By recommending changes to policies and by highlighting dangerous public behaviours, the work of a 21st Century coroner may help to bring something positive to what are often heart breaking tragedies.

Your Asia-Pacific Coroners Society conference offers a chance for everyone to learn from each other.  While there may be clear legal differences in your jurisdictions, I am sure there will be  also fundamental issues you all face in those same jurisdictions. The conference also provides an opportunity to network and offer support to one another, particularly regarding the important service that you provide to other agencies and the public.

I was interested to read the Conference programme and the agenda in detail to see that it dealing with a number of common issues involved in the work of coroners.  I understand that, just as in New Zealand and Australia, there has been coronial reform in England and Wales as a result of the 2003 Luce Report.  A comparative discussion around the developments in both the northern and southern hemispheres will be, I am certain, insightful and valuable.

Also, of great significance, is the focus on the protection of young people from avoidable death, such as suicide. While this is a difficult subject to broach in a public forum, it is a very serious and abiding issue which needs to be handled by those that have the relevant insight.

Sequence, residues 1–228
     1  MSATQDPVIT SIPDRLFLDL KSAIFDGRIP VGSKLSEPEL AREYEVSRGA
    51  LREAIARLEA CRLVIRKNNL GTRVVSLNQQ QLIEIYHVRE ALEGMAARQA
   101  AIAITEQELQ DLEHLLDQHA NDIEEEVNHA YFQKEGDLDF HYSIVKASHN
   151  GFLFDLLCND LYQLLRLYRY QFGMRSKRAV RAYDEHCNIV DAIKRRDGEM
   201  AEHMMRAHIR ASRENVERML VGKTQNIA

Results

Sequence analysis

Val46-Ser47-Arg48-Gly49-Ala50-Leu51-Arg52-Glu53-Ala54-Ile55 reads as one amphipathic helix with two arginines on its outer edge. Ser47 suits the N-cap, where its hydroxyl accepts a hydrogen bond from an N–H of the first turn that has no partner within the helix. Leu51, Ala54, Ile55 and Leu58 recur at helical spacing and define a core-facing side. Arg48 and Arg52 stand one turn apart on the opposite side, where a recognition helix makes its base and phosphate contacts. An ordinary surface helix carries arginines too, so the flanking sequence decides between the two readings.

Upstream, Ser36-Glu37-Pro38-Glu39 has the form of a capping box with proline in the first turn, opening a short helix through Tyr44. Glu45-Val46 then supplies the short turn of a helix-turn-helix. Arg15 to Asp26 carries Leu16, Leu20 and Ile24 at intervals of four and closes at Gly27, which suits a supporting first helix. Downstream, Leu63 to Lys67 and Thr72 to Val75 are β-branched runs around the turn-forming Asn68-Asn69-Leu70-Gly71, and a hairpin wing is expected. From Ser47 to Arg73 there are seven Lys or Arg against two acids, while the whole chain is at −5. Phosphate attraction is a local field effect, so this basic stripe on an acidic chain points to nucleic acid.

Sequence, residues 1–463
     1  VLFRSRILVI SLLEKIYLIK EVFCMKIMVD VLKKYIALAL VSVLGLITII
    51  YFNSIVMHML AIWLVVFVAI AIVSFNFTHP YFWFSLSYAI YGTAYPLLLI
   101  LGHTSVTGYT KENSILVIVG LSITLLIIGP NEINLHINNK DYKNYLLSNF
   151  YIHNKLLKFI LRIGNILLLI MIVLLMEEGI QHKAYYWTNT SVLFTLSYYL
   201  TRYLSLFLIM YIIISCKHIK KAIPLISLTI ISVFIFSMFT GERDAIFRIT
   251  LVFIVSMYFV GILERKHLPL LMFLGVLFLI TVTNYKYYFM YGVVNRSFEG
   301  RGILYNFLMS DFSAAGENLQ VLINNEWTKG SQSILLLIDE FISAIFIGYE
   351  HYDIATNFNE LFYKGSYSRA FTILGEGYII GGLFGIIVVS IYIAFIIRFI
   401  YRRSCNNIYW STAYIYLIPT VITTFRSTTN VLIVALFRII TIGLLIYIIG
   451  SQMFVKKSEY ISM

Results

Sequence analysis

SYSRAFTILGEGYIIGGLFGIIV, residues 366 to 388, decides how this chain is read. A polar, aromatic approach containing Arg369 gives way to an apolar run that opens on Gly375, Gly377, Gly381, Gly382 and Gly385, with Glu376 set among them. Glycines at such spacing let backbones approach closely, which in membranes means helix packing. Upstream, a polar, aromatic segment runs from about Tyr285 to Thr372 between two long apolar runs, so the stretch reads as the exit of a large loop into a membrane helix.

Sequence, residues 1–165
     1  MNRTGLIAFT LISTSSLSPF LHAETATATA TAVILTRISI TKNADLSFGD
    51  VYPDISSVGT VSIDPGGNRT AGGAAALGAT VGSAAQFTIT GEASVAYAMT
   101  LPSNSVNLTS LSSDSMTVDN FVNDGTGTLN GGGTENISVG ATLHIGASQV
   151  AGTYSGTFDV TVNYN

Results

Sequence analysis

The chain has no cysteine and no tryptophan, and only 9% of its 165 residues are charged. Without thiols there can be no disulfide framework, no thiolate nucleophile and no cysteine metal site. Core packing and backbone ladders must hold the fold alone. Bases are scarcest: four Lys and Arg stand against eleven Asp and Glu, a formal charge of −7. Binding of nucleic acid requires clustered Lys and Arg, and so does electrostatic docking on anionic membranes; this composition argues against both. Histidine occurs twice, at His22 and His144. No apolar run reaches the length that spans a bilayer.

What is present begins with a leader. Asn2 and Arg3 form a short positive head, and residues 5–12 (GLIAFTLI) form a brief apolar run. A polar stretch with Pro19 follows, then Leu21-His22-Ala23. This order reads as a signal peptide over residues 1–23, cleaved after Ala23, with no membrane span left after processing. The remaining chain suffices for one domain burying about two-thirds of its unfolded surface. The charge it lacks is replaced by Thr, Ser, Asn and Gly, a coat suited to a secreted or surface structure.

I would like to acknowledge and pay respect to each of you for your hard work in this vital role, and for the outstanding service you have provided to your respective communities over many years. The dedication you display is greatly appreciated and is evident by your commitment in attending the Asia-Pacific Coroners Society Conference.

In sharing your expertise, and commitment to your work, you have a unique ability to make a crucial difference in the lives of a great many people indeed.

And on a note that conveys admiration and anticipation of two more days in your 18 stage programme, I will close in New Zealand’s first language Māori, by offering everyone greetings and wishing you all good health and fortitude in your endeavours.

No reira, tēnā koutou, tēnā koutou, kia ora, kia kaha, tēnā koutou katoa.

Last updated: 
Tuesday, 23 November 2010